Tag Archives: Breath Control

Do It Yourself Shuffle Bubbles

Shuffle Bubbles are bubbles made from a solution that is stronger than typical bubble solution so it doesn’t pop as easily! Children can actually catch and pass the bubbles. Parents can make the solution using the recipe below or buy an inexpensive Shuffle Bubble set online. Shuffle Bubbles is also a good lesson in self-control. Children love popping bubbles, but in Shuffle Bubble we want the bubbles to last as long as possible, so they must demonstrate impulse control and not pop the bubbles.

Bubble Materials

  • Bubble Catching Gloves
  • 1 cup Dish Soap (Dawn Original Dish Soap works best for bubbles)
  • 1/4 Cup Glycerin Oil (can buy this at Amazon or Hobby Lobby)
  • 2 Tablespoons White Corn Syrup
  • 1/2 Cup Bubble Solution

Bubble Blower Materials

How to Make a Bubble Blower

  • Bunch up five straws.
  • Hold them tightly.
  • Wrap decorative tape around the straws at the top, middle, and bottom.

Benefits

Blowing bubbles helps children relax. Catching the bubbles and shuffling them to a friend increases focus, social skills, and enhances cooperative play. Shuffle Bubbles develops executive functioning skills, which help children to self-regulate and show self-control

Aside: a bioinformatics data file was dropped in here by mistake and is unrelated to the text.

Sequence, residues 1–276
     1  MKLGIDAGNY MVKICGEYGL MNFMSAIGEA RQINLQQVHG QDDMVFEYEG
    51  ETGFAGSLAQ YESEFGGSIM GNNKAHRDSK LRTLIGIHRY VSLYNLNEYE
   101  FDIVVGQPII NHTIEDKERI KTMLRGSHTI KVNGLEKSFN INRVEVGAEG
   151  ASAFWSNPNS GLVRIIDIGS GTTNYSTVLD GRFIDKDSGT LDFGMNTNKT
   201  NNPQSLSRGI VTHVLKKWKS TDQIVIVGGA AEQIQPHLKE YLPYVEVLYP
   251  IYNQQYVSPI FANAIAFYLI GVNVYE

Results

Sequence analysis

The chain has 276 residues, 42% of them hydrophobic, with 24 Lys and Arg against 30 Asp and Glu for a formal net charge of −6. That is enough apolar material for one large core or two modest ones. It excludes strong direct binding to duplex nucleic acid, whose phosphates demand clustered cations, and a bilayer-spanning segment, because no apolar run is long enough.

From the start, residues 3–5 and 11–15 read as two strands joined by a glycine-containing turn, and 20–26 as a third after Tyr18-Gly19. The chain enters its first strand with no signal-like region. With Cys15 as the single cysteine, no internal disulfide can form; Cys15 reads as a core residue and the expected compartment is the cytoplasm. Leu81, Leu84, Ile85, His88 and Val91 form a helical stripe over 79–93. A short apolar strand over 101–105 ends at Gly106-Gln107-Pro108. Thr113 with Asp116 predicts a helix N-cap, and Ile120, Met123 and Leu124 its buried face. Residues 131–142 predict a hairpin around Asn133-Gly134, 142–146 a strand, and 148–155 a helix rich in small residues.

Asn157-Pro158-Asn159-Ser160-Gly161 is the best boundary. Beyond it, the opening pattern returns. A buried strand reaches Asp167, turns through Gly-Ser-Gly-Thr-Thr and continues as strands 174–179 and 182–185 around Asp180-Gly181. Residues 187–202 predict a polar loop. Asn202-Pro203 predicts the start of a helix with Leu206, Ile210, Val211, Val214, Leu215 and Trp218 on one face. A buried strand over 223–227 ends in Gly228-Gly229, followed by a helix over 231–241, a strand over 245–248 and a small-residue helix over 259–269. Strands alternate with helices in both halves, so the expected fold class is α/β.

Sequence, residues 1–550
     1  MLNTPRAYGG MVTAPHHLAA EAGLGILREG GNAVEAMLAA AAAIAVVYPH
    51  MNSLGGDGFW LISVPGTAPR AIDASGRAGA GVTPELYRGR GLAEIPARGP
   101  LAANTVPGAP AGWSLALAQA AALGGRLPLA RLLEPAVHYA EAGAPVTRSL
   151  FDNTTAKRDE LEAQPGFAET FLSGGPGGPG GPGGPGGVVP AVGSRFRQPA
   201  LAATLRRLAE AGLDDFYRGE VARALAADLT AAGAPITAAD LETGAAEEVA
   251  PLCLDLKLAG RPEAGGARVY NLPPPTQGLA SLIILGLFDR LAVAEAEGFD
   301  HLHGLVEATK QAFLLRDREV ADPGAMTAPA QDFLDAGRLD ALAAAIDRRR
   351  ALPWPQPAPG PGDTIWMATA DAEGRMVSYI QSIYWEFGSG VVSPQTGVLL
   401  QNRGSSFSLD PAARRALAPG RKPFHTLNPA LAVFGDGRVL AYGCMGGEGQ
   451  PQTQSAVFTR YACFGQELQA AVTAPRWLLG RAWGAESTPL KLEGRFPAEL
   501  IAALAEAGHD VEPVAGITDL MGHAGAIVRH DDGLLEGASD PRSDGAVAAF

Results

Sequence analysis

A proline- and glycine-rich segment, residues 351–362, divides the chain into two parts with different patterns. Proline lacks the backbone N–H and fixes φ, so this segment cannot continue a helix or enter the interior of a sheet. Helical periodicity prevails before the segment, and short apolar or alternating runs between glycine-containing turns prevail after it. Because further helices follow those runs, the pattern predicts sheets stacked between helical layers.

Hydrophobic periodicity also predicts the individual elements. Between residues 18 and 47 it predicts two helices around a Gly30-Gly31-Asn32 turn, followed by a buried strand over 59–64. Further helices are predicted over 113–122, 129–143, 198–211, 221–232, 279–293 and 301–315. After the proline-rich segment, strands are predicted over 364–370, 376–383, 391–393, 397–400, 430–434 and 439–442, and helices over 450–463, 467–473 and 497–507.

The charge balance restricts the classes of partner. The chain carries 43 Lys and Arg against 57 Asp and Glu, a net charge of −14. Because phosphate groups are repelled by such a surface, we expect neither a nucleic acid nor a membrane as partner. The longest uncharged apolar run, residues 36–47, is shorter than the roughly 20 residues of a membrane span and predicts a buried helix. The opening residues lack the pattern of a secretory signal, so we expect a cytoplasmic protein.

What to Say

We are going to wear magic bubble-catching gloves so that we can catch bubbles. Remember the goal is to catch the bubble, not to pop it. Let’s take three deep Balloon Breaths before we get started.

Slowly and mindfully blow a bubble. Catch the bubble in your hand and shuffle it to a friend. Be mindful when handling the bubbles because they will pop if you aren’t very gentle with them. Now let’s see how many times we can bounce the bubble back and forth before it pops.

Mindfulness Challenge

For an extra mindfulness challenge build a bubble tower in your hand! Hold your gloved hand out in front of you. Position your bubble blower so your hand is below it. Slowly let the bubbles drop onto your gloved hand. TADA! Behold your bubble tower.


Fun Ways to Teach Breath Control

Casa Somerset Yoga-29

“Breathe in,

Breathe out,

Release the stress; just let it all out.”  -MC Yogi

Some say yoga is breathing.  Breathing is what sustains life so that makes it pretty important, right?  Taking 9 deep inhalations will not only calm the parasympathetic nervous system, but supply oxygen to muscles and organs.

Babies fill their bellies with air completely every time they inhale and exhale, but somewhere along the way this calm, healing style is lost and shallow breathing is substituted.  Shallow partial breathing can result in decreased focus, low energy, and heightened anxiety.  Ugh! Lucky for us there is yoga.

BREATHING PRACTICE

Have children sit up tall in Easy Pose, lay down in Corspe Pose, or stand up tall in Mountain Pose.  It may be helpful to have them breath while slumped forward at first.  Then push the shoulders back and down, discussing the difference.  Here are three of my favorite ways to teach breath control: